Garden as a Room

Garden as a Room

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It’s early. Karoliina Hellberg has a lunchtime appointment at a printer in Lahti, an hour north of Helsinki, where her new poster, Garden as a Room, commissioned to mark Artek’s 85th birthday, will be coming off the rollers. It’s a great fit between the talented Finnish artist, noted for her intense, multi-layered and often autobiographical paintings, and the pioneering design company. Artek has a long history of promoting contemporary art, having pledged to bring together different creative fields in its founding manifesto of 1935. Galerie Artek was launched a year later with a display of Moroccan rugs; cutting-edge exhibitions featuring Georges Braque, Pablo Picasso, Alexander Calder and Fernand Léger soon followed.

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I meet with Karoliina – virtually of course – in her sunny studio in Vallila, a district that retains elements of its industrial past, so is peppered with creative spaces. Even better, it’s just 15 minutes from the centre of Helsinki by tram. Bundles of herbs hang on one wall – the studio, she tells me, is currently infused with the scent of eucalyptus – while two large canvases lean against the partition opposite, ready to accompany her on a forthcoming trip to Iceland. To avoid “the horror of white space”, both have already been primed with large blocks of colour: “I have no idea what those colours will become, or if they will even be visible when I finish.”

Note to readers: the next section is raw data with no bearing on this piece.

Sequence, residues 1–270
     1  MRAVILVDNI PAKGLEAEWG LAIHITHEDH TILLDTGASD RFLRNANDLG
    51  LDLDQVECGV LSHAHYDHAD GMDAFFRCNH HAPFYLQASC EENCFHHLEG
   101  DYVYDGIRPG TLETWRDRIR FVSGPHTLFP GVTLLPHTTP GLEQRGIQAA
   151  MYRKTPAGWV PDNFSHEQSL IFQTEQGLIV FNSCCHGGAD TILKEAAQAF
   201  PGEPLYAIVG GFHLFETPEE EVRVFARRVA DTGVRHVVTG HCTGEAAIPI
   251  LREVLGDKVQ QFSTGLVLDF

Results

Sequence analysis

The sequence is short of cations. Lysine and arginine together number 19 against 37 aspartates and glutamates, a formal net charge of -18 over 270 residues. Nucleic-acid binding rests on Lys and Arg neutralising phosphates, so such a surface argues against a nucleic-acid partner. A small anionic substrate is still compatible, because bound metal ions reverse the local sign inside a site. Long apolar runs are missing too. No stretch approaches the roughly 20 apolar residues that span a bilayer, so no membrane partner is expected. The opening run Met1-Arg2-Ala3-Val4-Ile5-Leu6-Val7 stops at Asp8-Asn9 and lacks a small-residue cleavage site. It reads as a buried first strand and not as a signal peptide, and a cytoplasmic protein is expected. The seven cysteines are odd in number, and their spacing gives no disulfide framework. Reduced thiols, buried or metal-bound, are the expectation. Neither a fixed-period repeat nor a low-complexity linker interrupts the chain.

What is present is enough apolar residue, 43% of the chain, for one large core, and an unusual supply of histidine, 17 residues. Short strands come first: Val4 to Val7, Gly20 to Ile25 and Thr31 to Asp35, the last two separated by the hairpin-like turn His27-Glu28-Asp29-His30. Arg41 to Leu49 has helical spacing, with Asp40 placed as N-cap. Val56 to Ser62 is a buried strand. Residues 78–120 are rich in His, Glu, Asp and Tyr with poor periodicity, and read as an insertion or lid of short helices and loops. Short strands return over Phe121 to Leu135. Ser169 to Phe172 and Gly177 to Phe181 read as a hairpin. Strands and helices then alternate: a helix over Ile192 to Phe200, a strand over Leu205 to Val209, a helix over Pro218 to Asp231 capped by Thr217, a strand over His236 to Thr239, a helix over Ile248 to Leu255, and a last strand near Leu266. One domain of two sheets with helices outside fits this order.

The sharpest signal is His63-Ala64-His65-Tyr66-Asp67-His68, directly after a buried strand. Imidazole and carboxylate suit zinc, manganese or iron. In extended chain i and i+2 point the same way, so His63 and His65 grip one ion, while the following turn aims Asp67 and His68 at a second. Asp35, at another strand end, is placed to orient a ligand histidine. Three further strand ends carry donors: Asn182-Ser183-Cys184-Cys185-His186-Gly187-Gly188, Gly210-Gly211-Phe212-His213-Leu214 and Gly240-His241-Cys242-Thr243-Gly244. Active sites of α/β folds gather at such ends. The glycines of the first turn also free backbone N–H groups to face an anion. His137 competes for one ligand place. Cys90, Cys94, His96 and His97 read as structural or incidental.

Given the freedom to approach the poster for Artek in her own way, she gravitated towards the Aalto House in Munkkiniemi, a calm neighbourhood north of Helsinki’s city center. Built and furnished by Aino and Alvar Aalto in 1936, it served as both their home and studio. I ask Karoliina why, of all the places associated with the pair, she was drawn to this unassuming dwelling.

KH: The Aalto House was just a wonderful place to visit. This was only the second time I’d been, and I found it immediately fascinating. It was mid-July, and the guided tour started in the garden, which was all green and lush, full of irises and peonies. The guide told us that the Aaltos always considered gardens to be part of an overarching architectural experience – they could be rooms in their own right. She also told all sorts of anecdotes about why the plants were chosen – it was clear there had been so much care and love and thought there. I started going by myself over and over, bicycling there with my papers and inks, doing sketches in the garden and trying to figure out what I found so compelling about it, and gradually it became clear that I’d found my subject.